Nah, but when you find out an artist is a mega-douchenozzle, you'll probably find that their art seems to lose its attraction.

More so when they are members of and / or supporting groups that try to take rights away from other people. Then it goes pass just having a personal opinion.


And this point is what certain people in this thread are...well I can only call it willfully ignoring because it's been stated and restated in big, bold letters over and over. Notice that none of them have addressed this point and instead have stuck to arguing with straw men that are dumping on OSC and whatever other people/businesses we're talking about because they have differing opinions.
 
2013-07-09 05:36:39 PM  

Super_pope: Roman Polanski fled the country after drugging a 13 year old girl to assrape her...


So, you think being opposed to gay marriage -- a legal  belief -- is equivalent to child rape -- an illegal  action?
 
2013-07-09 05:37:14 PM  
I would argue that the Xbone situation, and the Lone Ranger flop, was not economic terrorism, because it was, as you said, the market/audiences reacting to the product being presented before them.

But when the boycott is against a property or a franchise or whatever, based off their political reasons alone rather than the quality of the product, I see that as economic terrorism. When the Catholic League boycotted Dogma (even though it was pro God!), that was economic terrorism. It had to do with the message, and that was arguably more understandable of a boycott (due to the subject matter) than this one (which is due to the beliefs of the author). The examples you give of the market reacting are based off the perceived quality of the product. This boycott (and others) seem to be not based on the quality of the product but rather the opinions held by some of the people involved with it, of which those opinions aren't expressed in the subject matter in question. And that's why it seems like economic terrorism to me.
 
2013-07-09 05:39:43 PM  

RevRaven: I would argue that the Xbone situation, and the Lone Ranger flop, was not economic terrorism, because it was, as you said, the market/audiences reacting to the product being presented before them.

But when the boycott is against a property or a franchise or whatever, based off their political reasons alone rather than the quality of the product, I see that as economic terrorism. When the Catholic League boycotted Dogma (even though it was pro God!), that was economic terrorism. It had to do with the message, and that was arguably more understandable of a boycott (due to the subject matter) than this one (which is due to the beliefs of the author). The examples you give of the market reacting are based off the perceived quality of the product. This boycott (and others) seem to be not based on the quality of the product but rather the opinions held by some of the people involved with it, of which those opinions aren't expressed in the subject matter in question. And that's why it seems like economic terrorism to me.


There is no way you actually believe this.
 
2013-07-09 05:41:50 PM  

praymantis: I find Mike Chewbacca so annoying I am going to go to Papa John's and buy a pizza.


So you think eating shiatty pizza prepared by people without health insurance is going to hurt ME? Son, I don't think you thought your cunning plan through all the way.
 
2013-07-09 05:43:00 PM  

Mike Chewbacca: praymantis: I find Mike Chewbacca so annoying I am going to go to Papa John's and buy a pizza.

So you think eating shiatty pizza prepared by people without health insurance is going to hurt ME? Son, I don't think you thought your cunning plan through all the way.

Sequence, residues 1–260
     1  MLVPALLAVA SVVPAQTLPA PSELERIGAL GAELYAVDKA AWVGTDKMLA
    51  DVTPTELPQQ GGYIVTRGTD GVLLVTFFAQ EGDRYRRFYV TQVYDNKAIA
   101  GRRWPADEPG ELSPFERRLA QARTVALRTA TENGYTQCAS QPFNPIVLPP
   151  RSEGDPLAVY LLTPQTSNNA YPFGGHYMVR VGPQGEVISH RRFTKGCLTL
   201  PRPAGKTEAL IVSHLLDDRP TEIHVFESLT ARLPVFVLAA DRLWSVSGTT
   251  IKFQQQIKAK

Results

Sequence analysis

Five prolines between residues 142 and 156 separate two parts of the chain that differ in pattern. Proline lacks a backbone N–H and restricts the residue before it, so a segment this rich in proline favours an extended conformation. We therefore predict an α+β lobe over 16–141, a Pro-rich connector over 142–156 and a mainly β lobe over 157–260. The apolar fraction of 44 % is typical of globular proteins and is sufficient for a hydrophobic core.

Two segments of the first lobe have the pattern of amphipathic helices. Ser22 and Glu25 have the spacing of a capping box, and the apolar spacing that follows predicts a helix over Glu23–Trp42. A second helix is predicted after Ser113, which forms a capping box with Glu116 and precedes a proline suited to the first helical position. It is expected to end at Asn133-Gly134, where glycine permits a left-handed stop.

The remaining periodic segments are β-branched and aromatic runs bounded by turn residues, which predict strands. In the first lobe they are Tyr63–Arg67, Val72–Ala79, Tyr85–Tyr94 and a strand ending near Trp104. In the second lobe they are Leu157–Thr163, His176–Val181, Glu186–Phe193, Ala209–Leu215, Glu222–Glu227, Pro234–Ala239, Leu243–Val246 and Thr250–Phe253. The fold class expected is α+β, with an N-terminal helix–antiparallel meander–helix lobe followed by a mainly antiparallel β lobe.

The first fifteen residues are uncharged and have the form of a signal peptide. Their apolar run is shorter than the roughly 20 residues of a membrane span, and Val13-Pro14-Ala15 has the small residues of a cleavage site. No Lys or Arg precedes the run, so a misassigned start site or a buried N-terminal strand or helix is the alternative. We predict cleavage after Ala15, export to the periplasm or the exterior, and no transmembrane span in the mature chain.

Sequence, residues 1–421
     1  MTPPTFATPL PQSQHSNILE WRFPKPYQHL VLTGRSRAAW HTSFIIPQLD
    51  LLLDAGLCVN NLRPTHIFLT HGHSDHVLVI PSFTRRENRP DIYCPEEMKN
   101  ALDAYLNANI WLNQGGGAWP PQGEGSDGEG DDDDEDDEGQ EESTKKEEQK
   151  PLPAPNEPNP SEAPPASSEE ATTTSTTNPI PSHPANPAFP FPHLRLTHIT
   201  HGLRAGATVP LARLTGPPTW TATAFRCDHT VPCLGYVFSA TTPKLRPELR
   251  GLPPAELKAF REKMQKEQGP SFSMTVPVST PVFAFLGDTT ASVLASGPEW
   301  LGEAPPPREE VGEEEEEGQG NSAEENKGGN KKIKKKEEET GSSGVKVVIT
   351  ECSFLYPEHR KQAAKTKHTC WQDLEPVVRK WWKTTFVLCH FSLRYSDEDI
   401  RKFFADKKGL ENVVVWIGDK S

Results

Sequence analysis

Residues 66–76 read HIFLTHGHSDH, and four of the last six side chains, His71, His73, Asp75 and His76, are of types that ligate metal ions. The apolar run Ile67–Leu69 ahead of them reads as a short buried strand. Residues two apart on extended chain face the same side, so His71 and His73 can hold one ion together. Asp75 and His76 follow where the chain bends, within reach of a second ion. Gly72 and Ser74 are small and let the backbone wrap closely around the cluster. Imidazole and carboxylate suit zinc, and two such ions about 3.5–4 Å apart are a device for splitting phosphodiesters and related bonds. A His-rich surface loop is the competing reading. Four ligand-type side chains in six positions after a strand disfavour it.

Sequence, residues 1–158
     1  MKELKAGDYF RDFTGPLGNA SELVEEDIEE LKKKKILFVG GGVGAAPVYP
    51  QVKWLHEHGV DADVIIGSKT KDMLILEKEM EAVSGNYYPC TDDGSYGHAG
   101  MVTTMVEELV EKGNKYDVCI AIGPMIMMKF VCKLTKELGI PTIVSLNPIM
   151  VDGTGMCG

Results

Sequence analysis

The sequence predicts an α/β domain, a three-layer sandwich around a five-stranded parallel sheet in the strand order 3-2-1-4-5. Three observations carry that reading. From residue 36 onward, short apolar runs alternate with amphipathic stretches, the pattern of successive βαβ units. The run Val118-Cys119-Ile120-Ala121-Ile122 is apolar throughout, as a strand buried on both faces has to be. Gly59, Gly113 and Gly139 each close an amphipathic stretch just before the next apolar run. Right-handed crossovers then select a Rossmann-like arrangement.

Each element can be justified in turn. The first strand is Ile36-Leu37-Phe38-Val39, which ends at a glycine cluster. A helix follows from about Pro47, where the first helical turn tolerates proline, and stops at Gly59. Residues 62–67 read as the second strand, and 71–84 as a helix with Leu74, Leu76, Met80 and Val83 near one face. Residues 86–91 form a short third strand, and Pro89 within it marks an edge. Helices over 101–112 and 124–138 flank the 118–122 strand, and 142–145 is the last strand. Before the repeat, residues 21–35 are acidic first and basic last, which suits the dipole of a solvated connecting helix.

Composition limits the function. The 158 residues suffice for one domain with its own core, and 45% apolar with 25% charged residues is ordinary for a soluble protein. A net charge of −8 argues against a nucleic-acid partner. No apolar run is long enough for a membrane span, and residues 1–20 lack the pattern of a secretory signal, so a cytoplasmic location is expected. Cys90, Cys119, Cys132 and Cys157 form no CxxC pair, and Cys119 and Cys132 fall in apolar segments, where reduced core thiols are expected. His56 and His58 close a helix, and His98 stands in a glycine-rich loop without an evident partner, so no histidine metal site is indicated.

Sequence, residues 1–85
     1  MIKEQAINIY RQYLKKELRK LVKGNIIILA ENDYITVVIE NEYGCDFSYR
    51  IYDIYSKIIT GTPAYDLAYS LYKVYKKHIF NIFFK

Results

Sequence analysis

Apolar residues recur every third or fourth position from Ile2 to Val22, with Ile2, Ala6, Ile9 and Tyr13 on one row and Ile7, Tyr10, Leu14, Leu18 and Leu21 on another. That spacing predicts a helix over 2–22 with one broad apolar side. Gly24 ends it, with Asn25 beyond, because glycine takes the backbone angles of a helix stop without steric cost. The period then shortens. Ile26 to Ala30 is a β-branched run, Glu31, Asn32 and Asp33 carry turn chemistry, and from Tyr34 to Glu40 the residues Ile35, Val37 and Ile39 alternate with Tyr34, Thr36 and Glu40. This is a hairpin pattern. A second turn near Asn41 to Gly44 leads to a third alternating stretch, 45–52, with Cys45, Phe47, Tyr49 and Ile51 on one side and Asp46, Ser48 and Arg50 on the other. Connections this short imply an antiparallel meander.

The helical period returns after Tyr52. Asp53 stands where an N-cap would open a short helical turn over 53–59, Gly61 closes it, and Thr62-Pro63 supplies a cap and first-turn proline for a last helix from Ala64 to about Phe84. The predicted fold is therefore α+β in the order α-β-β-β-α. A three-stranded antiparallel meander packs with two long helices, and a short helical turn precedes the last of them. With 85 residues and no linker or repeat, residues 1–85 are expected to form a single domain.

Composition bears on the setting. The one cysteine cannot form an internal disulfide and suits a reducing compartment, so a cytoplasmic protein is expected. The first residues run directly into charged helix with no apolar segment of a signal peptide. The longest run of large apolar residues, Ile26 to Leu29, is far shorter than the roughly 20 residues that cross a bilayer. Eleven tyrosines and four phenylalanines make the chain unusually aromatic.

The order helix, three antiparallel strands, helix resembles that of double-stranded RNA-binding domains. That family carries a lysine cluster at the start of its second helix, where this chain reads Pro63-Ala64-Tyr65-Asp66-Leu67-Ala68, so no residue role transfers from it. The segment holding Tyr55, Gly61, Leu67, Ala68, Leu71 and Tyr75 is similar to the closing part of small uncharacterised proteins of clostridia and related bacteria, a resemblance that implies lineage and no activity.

That makes just as much sense as a boycott being an attack on freedom.
 
2013-07-09 05:44:14 PM  

xalres: I love the "I engage in the same thing you guys are but I'm doing it for the right* reasons so therefore I'm above it all and get to wag my finger and tsk tsk you for doing your thing for the wrong reasons." argument.


Miss. Try again. You are going all around it, but missing it.

Here's the key hint. I don't think Orson Card Scott's viewpoints are correct. But I accept that they are valid and legitimate, though I oppose them. Why, then, so I think it is wrong for groups to seek to "teach him a lesson" or "punish him" or "discourage others" like him from holding, espousing, and advocating for viewpoints I oppose?

Mike Chewbacca: Yes, and in 1950 the viewpoint that blacks should be segregated from whites was considered acceptable and normal in many parts of our country. Societies grow and change.


Good. Good. You are getting closer to (re?) understanding what I am saying. Can you see why it is a bad idea to try and quash and punish those who have a differing opinion, even one that is overwhelmingly disapproved of?

Honestly, I think some of you are just confused because you think I'm somehow in OSC "corner", which I have made every effort to make clear I am not.

Try this. Take all of my posts and replace "OSC" with "Disney" and "Pro-Gay" with "Evangelicals".
 
2013-07-09 05:45:55 PM  

Serious Black: Dubya's_Coke_Dealer: bukijin: I loved the book when I was a kid. Didn't try and re-read it since then.

So I have to first politically vet every author, filmmaker, actor, artist and entertainer before I know if I can enjoy their art ??

Nah, but when you find out an artist is a mega-douchenozzle, you'll probably find that their art seems to lose its attraction.

Exhibit A:

[static.oprah.com image 600x411]


I liked Oblivion.

The other stuff since that incident, not so much.
 
2013-07-09 05:46:47 PM  

xalres: And this point is what certain people in this thread are...well I can only call it willfully ignoring because it's been stated and restated in big, bold letters over and over. Notice that none of them have addressed this point and instead have stuck to arguing with straw men that are dumping on OSC and whatever other people/businesses we're talking about because they have differing opinions.